In short, we need to reimagine the whole process for each discipline to improve the outcomes of both design processes. A transdisciplinary take that leverages complementary abilities to improve output and enrich the outcome through cross-pollination.

So what?

We need to develop a cross-disciplinary approach for our practice to transform spaces through the “experiential lenses” of Service Design.

Almost any service unfolds through a physical layer of spaces, objects, interfaces, people, etc. That’s why spatial designers can and should have a role in designing how the physical dimension of services manifests.

The real shift must now take place in how the design process is built, accommodating not only different professionals but also activities, tools, methodologies and outcomes that will give back an increased, multifaceted experience.

Complex emotional spaces

Space has the power to engage its user emotionally, and user-centred environments are experiences designed for emotions. Moments happening within a physical framework weave together spatial design with experience design. At the same time, intelligently designed experiences have the power to fit users’ habits and stick in their memories. The efficiency and effectiveness of an experience rely on how flawless the interactions between users and the service are.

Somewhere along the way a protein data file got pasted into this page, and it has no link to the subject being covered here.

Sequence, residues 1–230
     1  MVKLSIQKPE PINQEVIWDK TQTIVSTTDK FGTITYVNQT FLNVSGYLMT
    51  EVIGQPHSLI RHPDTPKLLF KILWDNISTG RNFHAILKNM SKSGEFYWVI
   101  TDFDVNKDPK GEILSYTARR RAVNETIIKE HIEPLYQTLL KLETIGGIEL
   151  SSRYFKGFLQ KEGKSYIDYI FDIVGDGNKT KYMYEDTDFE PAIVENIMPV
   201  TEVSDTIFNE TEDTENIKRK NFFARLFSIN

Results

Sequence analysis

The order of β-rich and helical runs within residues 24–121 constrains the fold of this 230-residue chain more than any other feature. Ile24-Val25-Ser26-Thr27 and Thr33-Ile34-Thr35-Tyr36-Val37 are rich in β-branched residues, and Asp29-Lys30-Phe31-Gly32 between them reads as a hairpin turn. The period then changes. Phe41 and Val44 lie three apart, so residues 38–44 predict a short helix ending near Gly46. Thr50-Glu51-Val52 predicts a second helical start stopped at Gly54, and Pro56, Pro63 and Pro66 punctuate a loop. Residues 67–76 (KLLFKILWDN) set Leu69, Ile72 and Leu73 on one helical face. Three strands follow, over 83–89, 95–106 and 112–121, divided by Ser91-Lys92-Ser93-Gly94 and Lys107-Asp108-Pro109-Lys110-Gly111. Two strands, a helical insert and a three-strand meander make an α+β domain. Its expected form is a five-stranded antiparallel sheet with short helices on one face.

This joint approach may benefit several contexts: retail, offices, hospitals, and public entities. They are all complex systems of people, spaces, and services that deserve a design process and set of competencies that are at least as articulated as they are.

Ultimately, every space is a complex entity intrinsically linked to those who pass through, inhabit, and use it. It is impossible to imagine a space without what defines it - encounters, relationships, and interactions just as it is impossible to imagine needs, desires, habits, and necessities without contemplating user participation.

A transdisciplinary Service + Spatial approach is young but promising: we move forward by bringing together designers from different disciplines working on real projects with enough room to experiment, try, fail and improve.

Connect with us

Learn more about our projects and what we can do for your business.